42 views

How can I find the temperature of this system?

A system was given a small amount of thermal energy dE, and its number of states G grew by 25%. How can I find the system temperature? The system contains gas particles, I know that $dE << ...
2
votes
2answers
266 views

Does the black body emit more than any other type of body?

I found this on Wikipedia article on black bodies: A black body in thermal equilibrium (that is, at a constant temperature) emits electromagnetic radiation called black-body radiation. The ...
1
vote
1answer
420 views

What happens to pipe outlet temperature here?

I have a fluid flowing through a pipe in the ocean and there is heat transfer from the ocean to the fluid in the pipe. I prepared a simulation and the results show that if I increase the mass flow ...
16
votes
7answers
14k views

Does an empty refrigerator require more power to stay cold than a full one?

Given that everything else is equal (model of fridge, temperature settings, external temperature, altitude), over a given duration of having the door closed, does it require more electricity to cool ...
6
votes
1answer
496 views

How is the index of refraction dependence in Planck's law compatible with thermodynamics?

In various formulae for black-body radiation where $c$ appears, there is an implicit index of refraction dependence, since $c=c_0/n$, where $c$ is the speed of light, $c_0$ is the speed of light in ...
1
vote
2answers
107 views

Why not assimilate nuclear waste into “igneous” rock?

I was reading a question about why not to drop nuclear waste into volcanoes; the short answer is it would come back out and not be rendered safe. Ignoring the cost and energy requirements, why can't ...
1
vote
0answers
696 views

what's the difference between linear n-atom molecule and nonlinear n-atom molecule?

I am reading a material about the degree of freedom for linear n-atom molecule and nonlinear n-atom molecule. Here is my analysis for a diatomic molecule, if there are two atoms, we have to use 3 ...
1
vote
0answers
39 views

Henry's Law in metals

For fixed temperature the concentration of a gas dissolved in a solution is directly proportional to the gas pressure $p$, i.e. $c_s (T,p) = f(T)p$. Since $H_2$ only dissolves in metals as single ...
1
vote
2answers
288 views

Heating and Recooling of an Object

Consider a piece of metal of length $L$ and linear thermal expansion coefficient $\alpha$. We eat the metal $\Delta T$ degrees, causing the metal to increase to length $$ L' = L + L \alpha \Delta T$$ ...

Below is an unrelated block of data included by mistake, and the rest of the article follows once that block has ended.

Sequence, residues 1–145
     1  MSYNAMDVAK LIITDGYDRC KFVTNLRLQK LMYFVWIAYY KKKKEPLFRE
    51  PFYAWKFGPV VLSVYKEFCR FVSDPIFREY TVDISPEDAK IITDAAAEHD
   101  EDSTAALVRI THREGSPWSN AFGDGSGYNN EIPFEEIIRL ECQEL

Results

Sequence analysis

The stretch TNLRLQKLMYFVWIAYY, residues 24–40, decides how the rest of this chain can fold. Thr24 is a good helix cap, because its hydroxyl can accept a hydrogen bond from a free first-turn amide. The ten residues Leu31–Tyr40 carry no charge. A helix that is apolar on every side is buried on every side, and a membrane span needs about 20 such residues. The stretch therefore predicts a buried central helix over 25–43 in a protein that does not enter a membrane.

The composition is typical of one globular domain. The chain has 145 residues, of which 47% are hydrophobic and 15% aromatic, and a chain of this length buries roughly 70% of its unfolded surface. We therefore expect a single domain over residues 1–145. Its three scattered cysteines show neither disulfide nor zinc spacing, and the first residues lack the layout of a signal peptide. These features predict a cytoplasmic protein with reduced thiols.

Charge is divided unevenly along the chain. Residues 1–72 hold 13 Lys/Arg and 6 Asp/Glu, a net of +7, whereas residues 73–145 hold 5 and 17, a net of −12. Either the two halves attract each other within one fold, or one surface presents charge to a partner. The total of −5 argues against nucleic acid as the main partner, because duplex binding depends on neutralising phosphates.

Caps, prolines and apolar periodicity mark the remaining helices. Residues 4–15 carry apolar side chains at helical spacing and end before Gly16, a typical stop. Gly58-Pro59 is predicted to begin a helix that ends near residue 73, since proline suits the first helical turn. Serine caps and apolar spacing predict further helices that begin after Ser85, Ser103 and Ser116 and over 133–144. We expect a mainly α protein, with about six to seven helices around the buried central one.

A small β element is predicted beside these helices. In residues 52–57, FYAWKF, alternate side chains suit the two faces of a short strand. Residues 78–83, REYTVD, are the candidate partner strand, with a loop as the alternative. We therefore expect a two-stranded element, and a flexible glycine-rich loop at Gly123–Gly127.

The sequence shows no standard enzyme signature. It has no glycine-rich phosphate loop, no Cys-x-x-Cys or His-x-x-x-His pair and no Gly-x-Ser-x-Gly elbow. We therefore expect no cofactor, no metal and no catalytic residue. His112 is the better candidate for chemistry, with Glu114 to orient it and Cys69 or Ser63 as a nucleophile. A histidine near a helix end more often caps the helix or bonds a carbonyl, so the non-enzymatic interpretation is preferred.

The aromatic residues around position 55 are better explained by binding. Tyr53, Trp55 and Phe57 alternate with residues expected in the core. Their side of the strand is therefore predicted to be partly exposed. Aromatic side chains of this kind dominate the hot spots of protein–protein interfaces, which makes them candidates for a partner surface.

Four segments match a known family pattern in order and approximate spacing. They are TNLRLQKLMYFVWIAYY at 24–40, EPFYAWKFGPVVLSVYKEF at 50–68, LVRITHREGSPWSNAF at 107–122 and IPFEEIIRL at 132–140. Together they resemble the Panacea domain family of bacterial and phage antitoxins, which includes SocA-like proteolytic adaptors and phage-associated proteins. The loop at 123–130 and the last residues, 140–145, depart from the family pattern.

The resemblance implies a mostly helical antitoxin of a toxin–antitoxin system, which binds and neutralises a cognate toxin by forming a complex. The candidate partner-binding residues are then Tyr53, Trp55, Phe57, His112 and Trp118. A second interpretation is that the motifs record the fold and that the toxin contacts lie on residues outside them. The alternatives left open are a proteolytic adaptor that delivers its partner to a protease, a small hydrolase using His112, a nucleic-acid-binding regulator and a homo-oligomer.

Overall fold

4
votes
1answer
208 views

What happens at the interface between two universes with opposite thermodynamic arrows of time? [closed]

I was trying to think but cannot figure it out. For instance, if the interaction is small, for instance limited to a windows, the observers in each universe will see that the other goes in reverse. ...
1
vote
0answers
140 views

What temperatures can be reached in an air-to-air thermocompressor nozzle and why?

People are generally of the opinion that the boiler injector cannot be redesigned to run on air. In other words, an air-to-air thermocompressor that puts fresh air into a tank without a mechanical ...
1
vote
1answer
163 views

Uncertainty and Thermodynamics

Dilemma The uncertainty principle of energy and the 2nd law of thermodynamics don't add up : the uncertainty principle of energy says that $\Delta \tau \cdot \Delta E \ge \frac{h}{4\pi} = ...
0
votes
2answers
772 views

Computer cooling with dry ice, ideas and question; thermodynamics

I am designing a cooling system for my computer and had a few questions. So I have a computer water cooling radiator and I want to cool it as much as I can. My first two ideas were an old window A/C ...
3
votes
2answers
974 views

What are the units of these virial coefficients?

I'm reading some papers for calculating the vapor pressure of alkali metals as a function of temperature, and I've come across some familiar-looking virial expansions, but when I tried to work out the ...
21
votes
6answers
3k views

Why isn't temperature measured in Joules?

If we set the Boltzmann constant to $1$, then entropy would just be $\ln \Omega$, temperature would be measured in $\text{joules}$ ($\,\text{J}\,$), and average kinetic energy would be an integer ...
1
vote
1answer
180 views

Maximizing Multiplicity of Einstein Solid == (Temperature = $\infty$)?

If I have a system consisting of 2 Einstein solids (A and B) is it equivalent to say that maximizing the multiplicity of the ...
0
votes
0answers
49 views

Heat of adsorption from fugacity data

I have a set of data relating the fugacity ($\approx$ pressure) to the loading for a given set of temperatures. There are three temperature sets each having five fugacity vs. loading points. The ...